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Poor sleep in the hospital: Contributing factors and interventions

Dennis Auckley, MD
Section Editor
Ruth Benca, MD, PhD
Deputy Editor
April F Eichler, MD, MPH


The need for sleep has long been assumed to be important for recovery from injury and sickness, and there is an emerging understanding of the restorative role of sleep in health and disease. Unfortunately, the hospital environment is often poorly conducive to sleep [1,2]. Pain, anxiety, medication effects, medical interventions, and the acute illness itself all contribute to decreased quality and quantity of sleep in hospitalized patients. As a result, issues related to sleep and sleep disorders are important to inpatient care.

This review will discuss the evaluation, consequences, and management of sleep disturbances in hospitalized adult patients. The evaluation and management of obstructive sleep apnea and other sleep disorders in the inpatient setting is reviewed separately. (See "Sleep disorders in hospitalized adults: Evaluation and management".)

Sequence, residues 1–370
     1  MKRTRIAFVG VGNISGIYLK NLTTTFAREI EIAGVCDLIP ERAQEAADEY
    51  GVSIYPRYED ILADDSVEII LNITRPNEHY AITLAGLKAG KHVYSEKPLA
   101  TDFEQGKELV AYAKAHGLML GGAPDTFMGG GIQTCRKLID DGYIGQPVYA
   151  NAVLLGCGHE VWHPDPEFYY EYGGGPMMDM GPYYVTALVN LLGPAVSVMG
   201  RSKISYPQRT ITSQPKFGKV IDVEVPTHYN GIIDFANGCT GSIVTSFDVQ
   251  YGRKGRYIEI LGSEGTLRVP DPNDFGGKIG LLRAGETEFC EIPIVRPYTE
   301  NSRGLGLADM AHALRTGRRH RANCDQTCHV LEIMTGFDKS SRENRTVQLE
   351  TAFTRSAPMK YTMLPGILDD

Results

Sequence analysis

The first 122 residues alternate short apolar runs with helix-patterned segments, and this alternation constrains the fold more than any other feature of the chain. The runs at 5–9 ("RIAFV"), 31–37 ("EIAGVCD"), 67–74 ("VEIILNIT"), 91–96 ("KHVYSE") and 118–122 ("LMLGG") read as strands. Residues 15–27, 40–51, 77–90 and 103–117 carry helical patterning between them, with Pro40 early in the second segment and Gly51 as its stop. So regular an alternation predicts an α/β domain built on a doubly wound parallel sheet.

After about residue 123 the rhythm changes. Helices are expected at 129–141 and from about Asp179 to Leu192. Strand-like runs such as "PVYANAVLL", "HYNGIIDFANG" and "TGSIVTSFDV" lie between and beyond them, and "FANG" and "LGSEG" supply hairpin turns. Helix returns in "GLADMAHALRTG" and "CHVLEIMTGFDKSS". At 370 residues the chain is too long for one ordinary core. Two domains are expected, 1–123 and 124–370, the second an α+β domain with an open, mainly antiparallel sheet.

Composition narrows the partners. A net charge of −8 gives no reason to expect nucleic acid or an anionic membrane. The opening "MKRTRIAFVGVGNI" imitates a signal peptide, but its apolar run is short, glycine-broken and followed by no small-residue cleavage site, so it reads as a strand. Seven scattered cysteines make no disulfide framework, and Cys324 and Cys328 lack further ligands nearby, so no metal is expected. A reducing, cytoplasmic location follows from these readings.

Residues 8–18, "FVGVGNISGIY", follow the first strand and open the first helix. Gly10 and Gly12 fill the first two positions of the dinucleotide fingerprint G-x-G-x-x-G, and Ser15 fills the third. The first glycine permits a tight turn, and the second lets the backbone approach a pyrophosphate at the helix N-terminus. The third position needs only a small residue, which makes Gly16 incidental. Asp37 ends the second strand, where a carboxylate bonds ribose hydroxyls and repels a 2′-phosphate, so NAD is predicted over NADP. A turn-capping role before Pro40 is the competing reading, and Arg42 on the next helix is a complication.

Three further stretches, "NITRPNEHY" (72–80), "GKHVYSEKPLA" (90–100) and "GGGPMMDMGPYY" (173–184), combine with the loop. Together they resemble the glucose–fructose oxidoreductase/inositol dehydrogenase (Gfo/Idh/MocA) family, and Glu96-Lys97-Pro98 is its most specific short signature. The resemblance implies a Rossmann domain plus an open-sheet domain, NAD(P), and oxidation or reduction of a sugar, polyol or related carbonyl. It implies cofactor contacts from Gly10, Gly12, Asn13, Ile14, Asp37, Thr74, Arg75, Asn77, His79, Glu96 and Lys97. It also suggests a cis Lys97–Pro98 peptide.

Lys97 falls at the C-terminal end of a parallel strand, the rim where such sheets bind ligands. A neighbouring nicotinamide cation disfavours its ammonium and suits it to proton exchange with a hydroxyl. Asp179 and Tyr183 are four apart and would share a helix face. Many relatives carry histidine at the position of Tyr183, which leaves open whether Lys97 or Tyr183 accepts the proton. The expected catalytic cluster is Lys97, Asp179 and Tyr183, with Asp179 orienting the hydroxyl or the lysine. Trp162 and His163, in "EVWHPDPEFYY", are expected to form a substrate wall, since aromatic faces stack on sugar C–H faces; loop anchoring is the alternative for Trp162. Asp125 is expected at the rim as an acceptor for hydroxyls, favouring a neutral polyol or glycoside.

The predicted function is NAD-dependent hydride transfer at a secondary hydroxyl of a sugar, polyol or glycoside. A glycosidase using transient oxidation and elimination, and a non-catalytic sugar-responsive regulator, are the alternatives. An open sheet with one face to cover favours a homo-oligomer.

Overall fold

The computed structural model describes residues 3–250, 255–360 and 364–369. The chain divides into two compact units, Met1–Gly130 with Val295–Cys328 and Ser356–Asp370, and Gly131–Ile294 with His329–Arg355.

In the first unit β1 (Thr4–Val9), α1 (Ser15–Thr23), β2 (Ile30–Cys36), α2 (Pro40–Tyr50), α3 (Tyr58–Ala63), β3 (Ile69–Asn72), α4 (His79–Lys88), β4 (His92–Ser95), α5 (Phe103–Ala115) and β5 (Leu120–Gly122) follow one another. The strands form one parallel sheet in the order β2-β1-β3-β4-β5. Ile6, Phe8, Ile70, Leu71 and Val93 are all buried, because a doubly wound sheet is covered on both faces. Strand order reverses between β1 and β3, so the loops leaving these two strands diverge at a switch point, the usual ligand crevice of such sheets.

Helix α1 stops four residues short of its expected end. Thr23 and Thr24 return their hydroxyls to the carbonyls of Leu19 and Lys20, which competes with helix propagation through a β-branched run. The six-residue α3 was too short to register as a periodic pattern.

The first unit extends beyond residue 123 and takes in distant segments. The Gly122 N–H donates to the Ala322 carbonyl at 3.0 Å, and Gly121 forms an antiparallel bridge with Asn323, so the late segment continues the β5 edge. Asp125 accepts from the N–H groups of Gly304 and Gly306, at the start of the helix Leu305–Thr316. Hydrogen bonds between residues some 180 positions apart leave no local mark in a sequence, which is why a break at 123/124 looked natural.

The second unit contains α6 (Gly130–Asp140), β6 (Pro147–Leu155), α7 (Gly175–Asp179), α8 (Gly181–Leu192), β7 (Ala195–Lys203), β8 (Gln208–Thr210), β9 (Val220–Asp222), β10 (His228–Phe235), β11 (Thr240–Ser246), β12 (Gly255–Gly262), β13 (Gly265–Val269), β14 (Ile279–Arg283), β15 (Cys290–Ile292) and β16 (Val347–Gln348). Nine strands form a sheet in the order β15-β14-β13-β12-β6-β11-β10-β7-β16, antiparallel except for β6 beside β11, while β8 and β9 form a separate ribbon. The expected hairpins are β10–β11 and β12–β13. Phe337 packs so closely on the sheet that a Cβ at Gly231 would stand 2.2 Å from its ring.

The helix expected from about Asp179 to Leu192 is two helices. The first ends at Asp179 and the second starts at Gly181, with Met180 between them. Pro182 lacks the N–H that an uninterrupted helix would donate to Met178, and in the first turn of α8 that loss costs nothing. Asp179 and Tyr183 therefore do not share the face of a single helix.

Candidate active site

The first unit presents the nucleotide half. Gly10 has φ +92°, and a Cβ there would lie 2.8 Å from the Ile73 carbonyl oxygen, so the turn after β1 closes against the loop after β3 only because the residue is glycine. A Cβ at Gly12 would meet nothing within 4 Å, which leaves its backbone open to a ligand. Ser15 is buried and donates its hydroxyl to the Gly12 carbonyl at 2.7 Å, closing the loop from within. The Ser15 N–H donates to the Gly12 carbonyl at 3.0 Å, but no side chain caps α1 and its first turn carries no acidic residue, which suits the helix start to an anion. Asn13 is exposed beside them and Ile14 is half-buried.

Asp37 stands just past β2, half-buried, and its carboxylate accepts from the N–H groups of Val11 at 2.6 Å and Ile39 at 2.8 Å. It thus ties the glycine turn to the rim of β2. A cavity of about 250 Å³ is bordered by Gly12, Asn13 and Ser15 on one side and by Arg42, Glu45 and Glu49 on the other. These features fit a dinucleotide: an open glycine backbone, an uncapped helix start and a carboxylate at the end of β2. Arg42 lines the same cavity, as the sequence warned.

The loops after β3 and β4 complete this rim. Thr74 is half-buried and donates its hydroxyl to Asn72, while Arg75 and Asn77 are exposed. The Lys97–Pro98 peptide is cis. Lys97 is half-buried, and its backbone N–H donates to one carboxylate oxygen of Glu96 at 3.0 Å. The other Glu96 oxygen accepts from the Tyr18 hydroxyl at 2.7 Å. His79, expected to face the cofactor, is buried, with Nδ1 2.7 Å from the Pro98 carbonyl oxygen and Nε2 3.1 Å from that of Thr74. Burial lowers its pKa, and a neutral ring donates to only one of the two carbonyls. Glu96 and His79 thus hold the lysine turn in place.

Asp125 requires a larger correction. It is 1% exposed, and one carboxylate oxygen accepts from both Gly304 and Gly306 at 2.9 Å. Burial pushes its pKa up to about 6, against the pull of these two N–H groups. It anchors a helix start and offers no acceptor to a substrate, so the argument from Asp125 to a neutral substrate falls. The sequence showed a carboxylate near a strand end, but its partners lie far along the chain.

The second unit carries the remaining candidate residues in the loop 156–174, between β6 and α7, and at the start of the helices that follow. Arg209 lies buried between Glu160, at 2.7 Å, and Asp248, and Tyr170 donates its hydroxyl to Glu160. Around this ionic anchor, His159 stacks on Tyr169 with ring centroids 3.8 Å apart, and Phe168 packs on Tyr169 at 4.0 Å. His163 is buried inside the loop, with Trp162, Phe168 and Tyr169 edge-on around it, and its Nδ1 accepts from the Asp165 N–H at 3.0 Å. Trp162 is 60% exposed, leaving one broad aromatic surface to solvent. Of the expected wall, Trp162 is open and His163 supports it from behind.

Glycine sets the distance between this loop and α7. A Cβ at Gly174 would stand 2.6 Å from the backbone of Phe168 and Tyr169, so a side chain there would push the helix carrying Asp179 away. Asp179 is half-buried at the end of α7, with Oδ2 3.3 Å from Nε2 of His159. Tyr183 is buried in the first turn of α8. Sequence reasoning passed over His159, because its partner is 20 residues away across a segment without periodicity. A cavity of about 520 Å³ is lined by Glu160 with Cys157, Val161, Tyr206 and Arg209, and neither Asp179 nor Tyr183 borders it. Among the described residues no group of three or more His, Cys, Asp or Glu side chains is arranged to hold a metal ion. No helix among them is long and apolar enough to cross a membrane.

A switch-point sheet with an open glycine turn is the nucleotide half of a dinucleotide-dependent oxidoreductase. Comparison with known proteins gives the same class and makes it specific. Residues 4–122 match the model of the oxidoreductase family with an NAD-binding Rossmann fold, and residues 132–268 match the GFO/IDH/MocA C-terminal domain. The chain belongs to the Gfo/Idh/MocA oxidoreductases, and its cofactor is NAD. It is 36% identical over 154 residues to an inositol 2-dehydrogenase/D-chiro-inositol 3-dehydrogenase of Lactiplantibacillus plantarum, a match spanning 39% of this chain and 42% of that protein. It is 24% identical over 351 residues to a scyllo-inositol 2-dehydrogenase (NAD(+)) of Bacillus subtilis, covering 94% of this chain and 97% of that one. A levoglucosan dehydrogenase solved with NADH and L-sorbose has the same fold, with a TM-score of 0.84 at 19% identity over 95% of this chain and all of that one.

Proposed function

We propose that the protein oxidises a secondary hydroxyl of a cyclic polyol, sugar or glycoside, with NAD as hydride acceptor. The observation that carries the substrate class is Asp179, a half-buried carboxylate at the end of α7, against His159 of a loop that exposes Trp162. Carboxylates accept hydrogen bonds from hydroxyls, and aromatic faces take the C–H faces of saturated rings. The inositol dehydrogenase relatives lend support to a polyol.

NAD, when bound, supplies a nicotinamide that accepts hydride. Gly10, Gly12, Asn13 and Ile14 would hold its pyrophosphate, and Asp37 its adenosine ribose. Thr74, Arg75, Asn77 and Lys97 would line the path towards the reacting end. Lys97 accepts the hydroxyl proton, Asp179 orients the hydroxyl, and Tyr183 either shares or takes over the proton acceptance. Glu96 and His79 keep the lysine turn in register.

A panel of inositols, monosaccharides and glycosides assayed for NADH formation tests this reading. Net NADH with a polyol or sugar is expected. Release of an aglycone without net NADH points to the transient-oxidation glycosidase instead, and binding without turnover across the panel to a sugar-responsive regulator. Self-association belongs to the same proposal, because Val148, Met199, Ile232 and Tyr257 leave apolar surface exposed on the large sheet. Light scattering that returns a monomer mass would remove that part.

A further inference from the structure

Hospitalized patients experience fragmented and poor quality sleep and are at risk for marked circadian rhythm disturbances. All of these changes become more pronounced with worsening severity of illness as well as in the immediate postoperative period. In some cases, sleep impairments persist well beyond the acute illness [3-5].

Poor sleep quality — Patients regularly report poor quality sleep during hospitalization across a range of inpatient settings, perhaps most notably in the intensive care unit (ICU) [6-9]. Impaired sleep quality has been cited by ICU patients as one of the main stressors during admission [10,11]

Small studies using inpatient polysomnography (PSG) have verified that ICU patients experience significant alterations in their sleep architecture, to an extent that traditional rules for scoring sleep stages may not be applicable in some critically ill patients [12-15].

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Literature review current through: Nov 2017. | This topic last updated: Mar 07, 2017.
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